The girl isn’t going to leave him alone and just watch him this time. She actually holds the door to his room open when he tries to shut it. He’s really impatient and huffy and downright snippy with her this time when she asks what’s wrong with him. She doesn’t understand why he was so nice and generous to her this morning and now he’s being such a dick all of a sudden. She’s much more timid than she was this morning and stays in the doorway as she offers to help him resolve whatever issues he’s having, because she doesn’t want him to feel bad anymore. This sparks an idea in him. He’s suddenly more happy and optimistic, and she’s a little more brighter because he is. He asks if she can find out where their benefactors live. And just like that she’s back to gloomy. She rightly guesses that it isn’t LeBlanc that he cares about, but the girl.
She can find them but is giving off serious vibes that this is a task she really doesn’t actually want to do. For reasons. She agrees to do it though, because Marius asked. Her bitter tone of voice whenever she mentions the girl makes him uneasy, but he just fails to make the connection that she might be upset because he’s so into this Lanoir character especially after she flat out just told him to his face that very morning that she watches him and thinks he’s totally hot.
Back in his own abode, Marius was about to sit down and do whatever it is that Marius does during the day while he’s… I guess he’s just going to be skipping work today. He can hear Jondrette ranting and raving in the other room again. How can he resist? He climbs back up to his peephole to peep some more. There he finds Jondrette having a fit about the M. Leblanc being the man who took Mlle. Lanoir away from them so many years ago, depriving them of sorely needed income. Okay, I’m dropping Courfeyrac’s nicknames for good now. They’re going to be Valjean and Cosette again.
Anyway, the Jondrette woman is totally skeptical about her husband’s assertion at first, because no way the lark could have grown up into the lovely young lady Cosette is today.
Jondrette is convinced though, and he has a plan! Marius sits there and listens to all the sinister plotting going on next door. Jondrette is going to enlist his shady underworld buddies to get all the millions of Francs he thinks he is owed, from M. Leblanc. He seems to be under the impression that this guy has all the money in the world, and if he doesn’t fork it over then Jondrette is going to kill him. He plans to use Valjean’s five francs to go buy some sort of murder tool at the hardware store.
Well, well, well–Murder! That is shocking to Marius. He waffles about what to do about what he’s overheard and eventually decides to go to the police.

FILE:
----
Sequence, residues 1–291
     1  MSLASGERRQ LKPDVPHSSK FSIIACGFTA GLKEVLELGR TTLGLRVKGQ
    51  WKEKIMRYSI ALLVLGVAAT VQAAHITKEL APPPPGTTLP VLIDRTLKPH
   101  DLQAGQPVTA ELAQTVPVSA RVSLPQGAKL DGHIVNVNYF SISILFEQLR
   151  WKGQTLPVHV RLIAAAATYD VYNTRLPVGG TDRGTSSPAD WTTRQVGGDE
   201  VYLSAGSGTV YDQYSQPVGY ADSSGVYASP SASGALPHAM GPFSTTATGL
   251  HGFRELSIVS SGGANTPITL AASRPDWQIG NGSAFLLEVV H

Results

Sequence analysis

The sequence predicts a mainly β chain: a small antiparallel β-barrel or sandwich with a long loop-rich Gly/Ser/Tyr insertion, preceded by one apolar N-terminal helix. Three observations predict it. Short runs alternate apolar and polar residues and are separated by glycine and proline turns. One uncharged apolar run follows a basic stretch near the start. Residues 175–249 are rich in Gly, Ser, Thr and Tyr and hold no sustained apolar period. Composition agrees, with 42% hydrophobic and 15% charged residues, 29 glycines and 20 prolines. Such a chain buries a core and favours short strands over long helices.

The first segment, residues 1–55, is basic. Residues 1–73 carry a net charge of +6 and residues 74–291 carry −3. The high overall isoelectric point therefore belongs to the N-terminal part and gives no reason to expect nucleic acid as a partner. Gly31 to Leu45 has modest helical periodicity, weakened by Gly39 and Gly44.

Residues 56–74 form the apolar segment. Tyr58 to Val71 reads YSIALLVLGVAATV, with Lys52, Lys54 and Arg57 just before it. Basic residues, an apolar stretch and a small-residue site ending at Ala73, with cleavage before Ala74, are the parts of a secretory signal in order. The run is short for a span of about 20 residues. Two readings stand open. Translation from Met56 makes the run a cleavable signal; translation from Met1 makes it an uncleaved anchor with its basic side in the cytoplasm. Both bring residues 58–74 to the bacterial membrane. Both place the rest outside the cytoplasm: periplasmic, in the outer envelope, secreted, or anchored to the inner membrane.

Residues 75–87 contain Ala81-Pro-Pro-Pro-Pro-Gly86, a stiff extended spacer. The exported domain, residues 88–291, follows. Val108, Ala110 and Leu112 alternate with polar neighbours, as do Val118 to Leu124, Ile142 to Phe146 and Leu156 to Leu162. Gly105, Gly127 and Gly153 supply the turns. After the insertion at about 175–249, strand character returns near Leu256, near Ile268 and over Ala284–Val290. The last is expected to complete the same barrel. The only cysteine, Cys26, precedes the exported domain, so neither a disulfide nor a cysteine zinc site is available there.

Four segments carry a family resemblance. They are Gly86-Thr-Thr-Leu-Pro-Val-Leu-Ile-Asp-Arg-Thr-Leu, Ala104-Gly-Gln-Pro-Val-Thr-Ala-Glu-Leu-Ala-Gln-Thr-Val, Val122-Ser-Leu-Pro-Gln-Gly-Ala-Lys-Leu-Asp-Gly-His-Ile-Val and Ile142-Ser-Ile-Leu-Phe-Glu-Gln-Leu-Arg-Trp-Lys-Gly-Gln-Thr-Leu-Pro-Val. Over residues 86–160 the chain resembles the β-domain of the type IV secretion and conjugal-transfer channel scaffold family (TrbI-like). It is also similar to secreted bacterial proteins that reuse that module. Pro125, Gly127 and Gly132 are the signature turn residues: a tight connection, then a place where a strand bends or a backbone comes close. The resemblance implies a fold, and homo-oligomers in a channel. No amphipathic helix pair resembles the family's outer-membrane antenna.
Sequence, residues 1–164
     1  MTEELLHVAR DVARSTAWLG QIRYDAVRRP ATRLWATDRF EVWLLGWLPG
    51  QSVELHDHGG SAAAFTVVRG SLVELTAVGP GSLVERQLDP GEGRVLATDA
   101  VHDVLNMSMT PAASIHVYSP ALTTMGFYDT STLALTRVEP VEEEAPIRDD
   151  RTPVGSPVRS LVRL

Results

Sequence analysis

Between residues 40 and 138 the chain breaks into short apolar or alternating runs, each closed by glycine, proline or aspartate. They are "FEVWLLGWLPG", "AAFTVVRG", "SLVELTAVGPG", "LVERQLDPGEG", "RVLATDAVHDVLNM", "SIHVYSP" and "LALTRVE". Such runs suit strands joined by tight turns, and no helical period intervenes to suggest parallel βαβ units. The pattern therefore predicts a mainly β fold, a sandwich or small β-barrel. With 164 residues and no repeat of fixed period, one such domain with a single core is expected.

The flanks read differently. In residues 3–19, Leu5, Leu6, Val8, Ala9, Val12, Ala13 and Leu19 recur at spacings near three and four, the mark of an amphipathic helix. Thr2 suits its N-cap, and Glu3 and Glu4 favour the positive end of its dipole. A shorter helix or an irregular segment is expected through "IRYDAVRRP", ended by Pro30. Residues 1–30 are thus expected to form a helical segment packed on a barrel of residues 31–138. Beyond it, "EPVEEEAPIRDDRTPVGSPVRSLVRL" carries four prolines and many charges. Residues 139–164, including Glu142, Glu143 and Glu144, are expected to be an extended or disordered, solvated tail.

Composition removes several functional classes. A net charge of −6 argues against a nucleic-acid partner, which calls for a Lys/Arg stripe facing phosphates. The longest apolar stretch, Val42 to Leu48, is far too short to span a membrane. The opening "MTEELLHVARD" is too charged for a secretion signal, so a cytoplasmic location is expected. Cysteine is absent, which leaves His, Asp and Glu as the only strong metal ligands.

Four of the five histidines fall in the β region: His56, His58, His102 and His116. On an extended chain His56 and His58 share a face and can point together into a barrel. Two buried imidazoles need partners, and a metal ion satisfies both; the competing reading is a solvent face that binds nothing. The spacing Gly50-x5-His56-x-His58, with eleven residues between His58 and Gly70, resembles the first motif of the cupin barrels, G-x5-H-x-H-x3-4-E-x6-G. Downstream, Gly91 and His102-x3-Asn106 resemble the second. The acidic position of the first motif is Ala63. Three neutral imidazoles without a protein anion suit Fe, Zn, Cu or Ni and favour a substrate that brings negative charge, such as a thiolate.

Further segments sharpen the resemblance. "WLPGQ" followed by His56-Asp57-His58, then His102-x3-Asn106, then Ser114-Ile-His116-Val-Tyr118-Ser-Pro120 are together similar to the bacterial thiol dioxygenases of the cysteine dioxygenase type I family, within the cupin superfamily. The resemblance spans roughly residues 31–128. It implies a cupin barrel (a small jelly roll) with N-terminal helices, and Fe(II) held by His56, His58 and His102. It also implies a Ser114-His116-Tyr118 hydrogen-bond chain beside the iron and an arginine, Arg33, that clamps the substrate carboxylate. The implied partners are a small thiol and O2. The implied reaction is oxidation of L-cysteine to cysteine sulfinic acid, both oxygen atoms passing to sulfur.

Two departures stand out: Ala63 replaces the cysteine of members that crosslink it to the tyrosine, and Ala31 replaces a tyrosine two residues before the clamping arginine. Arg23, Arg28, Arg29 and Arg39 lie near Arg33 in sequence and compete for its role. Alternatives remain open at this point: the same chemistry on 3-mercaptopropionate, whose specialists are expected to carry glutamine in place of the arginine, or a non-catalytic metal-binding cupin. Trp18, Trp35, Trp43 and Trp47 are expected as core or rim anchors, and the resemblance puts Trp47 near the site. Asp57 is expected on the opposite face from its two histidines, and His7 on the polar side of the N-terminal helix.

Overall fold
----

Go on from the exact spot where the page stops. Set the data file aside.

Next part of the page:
On his way there he hears whisperings from behind a wall and decides that he wants to hear more. It’s a couple of rough looking dudes talking about “The Affair” and how it can’t go wrong with Patron Minette! They’re all due five or six hundred francs if everything goes according to plan, and if it goes wrong the max they could get is ten years. Marius decides “The Affair” must be Jondrette’s plot, because apparently there can only be one big crime committed at a time here.
When Marius finally gets to the Police Station, he is directed to a certain wolf-esque inspector who we all know and love. This entire meeting between Marius and the inspector goes without his name being spoken until the very end, but it’s Javert. I’m not even going to try and keep you in suspense, because it’s already totally obvious from the start.
Javert listens to Marius’s story. He’s particularly interested about whether or not the four corners of Patron Minette are going to be there, but Marius hasn’t seen them. Just Panchaud and the mention of the gang by the whispering bandits that Javert calls Brujon and Demi-Liard. Javert decides Marius is an upstanding and honest young man on the basis of their conversation here and absolutely nothing else even though Marius is peeved that Javert hasn’t called him Monsieur during the exchange and indignant that Javert thinks he might not be brave enough to handle the forthcoming shenanigans. So, Javert hands him two pistols and instructions to conceal them in his fob pockets and go back to his peephole at the appropriate time to fire off a warning shot at the exactly perfect moment for the cops catch Jondrette in the act of an actual crime and bust up his little extortion/murder party. Marius should know when, because he is a lawyer and lawyers should know such things. Sure they should, but Marius. . .
Okay, so we’re just giving out guns to randoms just in off the street? I mean, I know owning a gun was probably par for the course back in the days, but it doesn’t seem like the wisest decision of all time. What credibility does Marius Pontmercy: Lawyer, translator, and garden ponderer extraordinaire actually have aside from Javert’s intuition? For all Javert knows, Marius could be putting on a masterful show and is the secret heretofore unseen, unknown, singular mastermind behind the Patron Minette gang Javert’s so keen on capturing. It could be a trap! Of course this is all speculatory nothings to us, because we know Bambi over here isn’t the secret mastermind behind anything aside from stalking Cosette. Javert, on the other hand, should probably know better. He’s also severely underestimating Marius’s infinite capacity for being distracted and conflicted. This is a mistake that is surely going to come back and bite him in the ass.
On his way back home, Marius spots Jondrette, and decides to follow him. Of course he does. All of life’s problems can be solved by stalking people and listening in on their conversations, right?